Marc

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                  #40510

                  Organic
                  Participant

                    Marc,

                    Thanks for sharing your findings with us. Have you tried using your perpendicular edge leading strokes with the 16k or 30k finish? If so, could you comment on how the performance of these edges differed from your 4,000# edges?

                    I’ve been reading the sharpening section on the Chef Knives to Go forum and it is interesting to note that the vast majority of members there seem to finish their knives between 3,000# and 8,000# and then they strop the blade on leather or colored newsprint. No one seems to be after the mirrored finish that the pocket knife enthusiasts covet.

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                    #40513

                    wickededge
                    Keymaster

                      Marc,

                      This is a really great post. Thanks!

                      -Clay

                      #40523

                      MarcH
                      Participant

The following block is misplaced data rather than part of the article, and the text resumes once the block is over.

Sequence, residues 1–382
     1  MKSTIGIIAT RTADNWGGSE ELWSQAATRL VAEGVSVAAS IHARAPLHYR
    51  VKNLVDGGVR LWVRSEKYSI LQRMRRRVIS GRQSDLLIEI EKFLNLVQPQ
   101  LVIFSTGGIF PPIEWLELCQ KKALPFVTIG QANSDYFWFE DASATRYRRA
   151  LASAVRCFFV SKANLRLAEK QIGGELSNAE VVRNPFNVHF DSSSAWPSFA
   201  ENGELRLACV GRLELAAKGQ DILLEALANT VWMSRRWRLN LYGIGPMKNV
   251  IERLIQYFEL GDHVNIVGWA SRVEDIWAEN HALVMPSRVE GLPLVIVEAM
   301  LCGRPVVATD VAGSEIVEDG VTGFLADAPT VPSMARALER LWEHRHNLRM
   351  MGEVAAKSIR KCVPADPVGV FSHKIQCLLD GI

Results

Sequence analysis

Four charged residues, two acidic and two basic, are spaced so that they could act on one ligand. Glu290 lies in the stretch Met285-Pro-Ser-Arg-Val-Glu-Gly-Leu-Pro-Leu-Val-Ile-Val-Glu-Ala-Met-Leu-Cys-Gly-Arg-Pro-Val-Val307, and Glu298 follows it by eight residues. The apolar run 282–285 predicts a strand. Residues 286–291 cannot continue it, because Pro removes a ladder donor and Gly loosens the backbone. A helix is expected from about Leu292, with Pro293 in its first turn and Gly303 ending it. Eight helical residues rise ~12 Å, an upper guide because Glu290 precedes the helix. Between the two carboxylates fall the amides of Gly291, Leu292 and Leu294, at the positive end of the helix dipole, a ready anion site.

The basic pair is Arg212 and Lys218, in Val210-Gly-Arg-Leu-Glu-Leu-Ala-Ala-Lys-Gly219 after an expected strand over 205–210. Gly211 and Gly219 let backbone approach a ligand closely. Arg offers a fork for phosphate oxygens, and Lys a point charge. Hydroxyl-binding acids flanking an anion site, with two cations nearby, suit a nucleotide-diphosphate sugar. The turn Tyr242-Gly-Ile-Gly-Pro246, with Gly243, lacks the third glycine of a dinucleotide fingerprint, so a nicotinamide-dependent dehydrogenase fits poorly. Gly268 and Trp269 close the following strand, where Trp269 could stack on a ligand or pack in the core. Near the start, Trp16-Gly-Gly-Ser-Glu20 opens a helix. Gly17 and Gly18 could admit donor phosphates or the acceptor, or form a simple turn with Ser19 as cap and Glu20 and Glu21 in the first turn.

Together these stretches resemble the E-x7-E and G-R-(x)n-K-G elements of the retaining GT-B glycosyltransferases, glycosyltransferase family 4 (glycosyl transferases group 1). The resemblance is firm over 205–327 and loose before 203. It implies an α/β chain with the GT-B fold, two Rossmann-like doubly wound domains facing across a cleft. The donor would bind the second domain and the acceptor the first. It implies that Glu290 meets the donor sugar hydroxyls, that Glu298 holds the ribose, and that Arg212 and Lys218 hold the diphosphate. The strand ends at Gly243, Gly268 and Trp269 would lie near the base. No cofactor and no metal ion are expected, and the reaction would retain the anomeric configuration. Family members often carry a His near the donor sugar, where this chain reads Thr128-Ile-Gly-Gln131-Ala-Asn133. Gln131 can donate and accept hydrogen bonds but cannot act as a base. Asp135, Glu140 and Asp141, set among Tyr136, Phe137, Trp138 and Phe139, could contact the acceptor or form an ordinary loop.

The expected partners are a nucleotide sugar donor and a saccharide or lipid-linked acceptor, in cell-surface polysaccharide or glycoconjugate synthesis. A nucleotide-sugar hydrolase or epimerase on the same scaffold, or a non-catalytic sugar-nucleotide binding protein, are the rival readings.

Marc, Thanks for sharing your findings with us. Have you tried using your perpendicular edge leading strokes with the 16k or 30k finish? If so, could you comment on how the performance of these edges differed from your 4,000# edges? I’ve been reading the sharpening section on the Chef Knives to Go forum and it is interesting to note that the vast majority of members there seem to finish their knives between 3,000# and 8,000# and then they strop the blade on leather or colored newsprint. No one seems to be after the mirrored finish that the pocket knife enthusiasts covet.

                        Organic, I did sharpen a ZDP-189 Clad Stainless Steel Knife HRc 65 with 16K and 30 K.  I found beyond 4000 I saw no improvement in the edge to these hard steel knives.  As the edge gets thinner and narrower with the finer grits it chips more.

                        This 16K:

                        16K

                        This is 30K:

                        30K
                        As you see the edge has deteriorated.  I saw no improvement over 4000 grit when I continued with 6000 and 8000, either.  I’m using Shapton’s Glass Stones.  I don’t know how these compare or differ from the stones the free-hand sharpeners are using.

                         

                         

                         

                        Marc

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                        #40526

                        Mark76
                        Moderator

                          That’s a very interesting observation, Marc! I never looked at it from that point of view.

                          Molecule Polishing: my blog about sharpening with the Wicked Edge
                          Japanese Knife Reviews: my blog about Japanese kitchen knives

                          #40528